Organizations that are considering ISO standards and determine to formalize this with a third-party audit may question whether they are working to become ISO accredited versus ISO certified.
ISO provides the definition for each to assist entities with the differentiation:
- “ISO Certification – the provision by an independent Certification Body of written assurance (a certificate) that the product, service or system in question meets specific requirements.”
- “ISO Accreditation – the formal recognition by an independent body, generally known as an Accreditation Body, that a Certification Body operates according to international standards.”
Therefore, based on these definitions, organizations considering getting recognition for their application of the ISO standards via a third party are looking to become ISO Certified. These entities would receive a certification and a certificate to give to their users.
Accreditation is applicable to organizations that desire to become Certification Bodies.
ISO Certificate Key Data Points
An ISO certificate provided by an organization to showcase its ISO certification is required to include important key data points. These are required data points within the certificate that a user of the company’s services will deem relevant and necessary to assess the validity of the certificate.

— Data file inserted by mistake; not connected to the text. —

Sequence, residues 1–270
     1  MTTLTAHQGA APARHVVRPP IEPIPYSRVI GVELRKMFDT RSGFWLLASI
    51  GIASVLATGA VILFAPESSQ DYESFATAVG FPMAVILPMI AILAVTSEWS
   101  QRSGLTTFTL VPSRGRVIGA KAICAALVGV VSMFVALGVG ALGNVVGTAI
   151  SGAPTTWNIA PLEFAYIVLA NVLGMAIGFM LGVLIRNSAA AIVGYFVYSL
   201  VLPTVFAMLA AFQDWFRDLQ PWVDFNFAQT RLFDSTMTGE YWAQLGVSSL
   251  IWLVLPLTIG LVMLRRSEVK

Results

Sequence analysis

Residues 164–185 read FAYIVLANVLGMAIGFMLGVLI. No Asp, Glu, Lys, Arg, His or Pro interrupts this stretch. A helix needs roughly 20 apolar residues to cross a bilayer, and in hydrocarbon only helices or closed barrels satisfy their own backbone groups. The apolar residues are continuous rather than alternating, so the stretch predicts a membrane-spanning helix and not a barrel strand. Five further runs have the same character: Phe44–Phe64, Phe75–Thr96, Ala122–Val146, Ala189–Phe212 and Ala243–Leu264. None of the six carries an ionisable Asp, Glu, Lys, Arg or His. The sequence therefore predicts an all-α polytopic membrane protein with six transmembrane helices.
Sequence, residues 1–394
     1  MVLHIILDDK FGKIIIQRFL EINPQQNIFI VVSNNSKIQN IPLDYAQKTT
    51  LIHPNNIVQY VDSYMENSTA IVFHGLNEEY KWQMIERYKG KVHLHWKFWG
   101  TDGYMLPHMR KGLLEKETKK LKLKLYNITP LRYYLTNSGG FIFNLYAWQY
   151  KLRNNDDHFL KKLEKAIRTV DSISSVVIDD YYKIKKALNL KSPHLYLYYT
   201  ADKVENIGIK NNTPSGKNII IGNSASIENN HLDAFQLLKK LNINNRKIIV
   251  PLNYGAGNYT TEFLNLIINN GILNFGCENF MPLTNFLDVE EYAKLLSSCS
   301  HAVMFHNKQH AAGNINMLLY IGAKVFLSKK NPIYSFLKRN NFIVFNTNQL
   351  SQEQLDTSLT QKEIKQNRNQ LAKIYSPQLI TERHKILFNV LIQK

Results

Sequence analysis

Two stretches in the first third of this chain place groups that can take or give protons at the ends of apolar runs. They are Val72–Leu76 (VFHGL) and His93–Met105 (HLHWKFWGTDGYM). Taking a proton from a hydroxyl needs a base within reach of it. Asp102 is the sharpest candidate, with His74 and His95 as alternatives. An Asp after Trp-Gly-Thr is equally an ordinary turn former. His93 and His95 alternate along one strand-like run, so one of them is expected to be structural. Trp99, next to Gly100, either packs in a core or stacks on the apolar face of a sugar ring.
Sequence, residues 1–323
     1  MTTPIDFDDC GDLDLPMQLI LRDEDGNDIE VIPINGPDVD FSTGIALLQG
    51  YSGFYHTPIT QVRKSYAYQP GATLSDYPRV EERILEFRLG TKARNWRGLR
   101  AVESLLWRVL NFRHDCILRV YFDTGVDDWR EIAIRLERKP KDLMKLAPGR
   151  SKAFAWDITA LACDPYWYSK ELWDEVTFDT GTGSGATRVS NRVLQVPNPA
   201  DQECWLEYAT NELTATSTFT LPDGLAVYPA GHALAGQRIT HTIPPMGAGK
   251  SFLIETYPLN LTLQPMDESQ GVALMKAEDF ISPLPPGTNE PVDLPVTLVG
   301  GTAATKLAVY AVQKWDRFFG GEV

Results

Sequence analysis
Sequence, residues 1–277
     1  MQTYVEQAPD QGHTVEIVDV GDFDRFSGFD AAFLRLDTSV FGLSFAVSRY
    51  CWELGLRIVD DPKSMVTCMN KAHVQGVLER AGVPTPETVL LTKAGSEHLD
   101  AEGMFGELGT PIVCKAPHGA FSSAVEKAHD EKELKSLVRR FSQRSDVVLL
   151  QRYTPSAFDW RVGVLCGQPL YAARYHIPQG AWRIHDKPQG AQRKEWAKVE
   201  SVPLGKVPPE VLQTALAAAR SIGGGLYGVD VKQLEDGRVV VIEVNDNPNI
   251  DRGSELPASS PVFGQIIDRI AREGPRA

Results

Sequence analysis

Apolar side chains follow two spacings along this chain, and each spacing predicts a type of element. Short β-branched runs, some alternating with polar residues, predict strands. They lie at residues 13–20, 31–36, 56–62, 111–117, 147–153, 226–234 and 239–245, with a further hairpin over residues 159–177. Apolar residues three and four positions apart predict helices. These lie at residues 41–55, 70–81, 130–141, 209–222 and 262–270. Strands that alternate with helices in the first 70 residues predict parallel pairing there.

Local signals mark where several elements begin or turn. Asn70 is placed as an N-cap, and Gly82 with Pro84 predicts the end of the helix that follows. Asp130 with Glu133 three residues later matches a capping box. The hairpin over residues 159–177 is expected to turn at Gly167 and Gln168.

The primary key data points used for the validation of the certificate include:
- Certificate Number – The certificate number is a reference number that is tied directly to that entity, and is a unique number associated with their certificate and may be used for searching validity.
- Standard(s) being Certified – The certificate should clearly indicate the standard the entity is being certified upon: for example, ISO/IEC 27001.
- Scope being Certified – The scope outlines the locations and business operations that are covered by the certification.
- Expiration Date – An ISO certification is valid for up to three years, and is subject to required annual surveillance audits.
- Accreditation Body Name and/or Logo – This is the identification of the national accreditation authoritative body that provided the accreditation to the certification body for the certification body to be eligible to conduct the certification procedures.
- Certification Body Name and/or Logo – This is the identification of the third-party auditor that assessed whether the organization complied with the appropriate ISO standard(s).
With these data points, the users of the certificate now have the ability to research and perform independent analysis that the certificate is a valid, current certificate issued by an accredited certification body and an associated responsible accreditation body such that it is an internationally recognized certification.
Can You Verify An ISO Certification Online?
To determine if the certification body is an accredited certification body, a user of the certificate can verify online. In order to perform iso certificate verification online, individuals should visit the national accreditation body in that entity’s country or visit the International Accreditation Forum (IAF) and perform a certification body search. The IAF currently aggregates data from 75 Accreditation Bodies and 1,362 Certification Bodies, which enables users to fairly easily identify the validity of the AB and CB.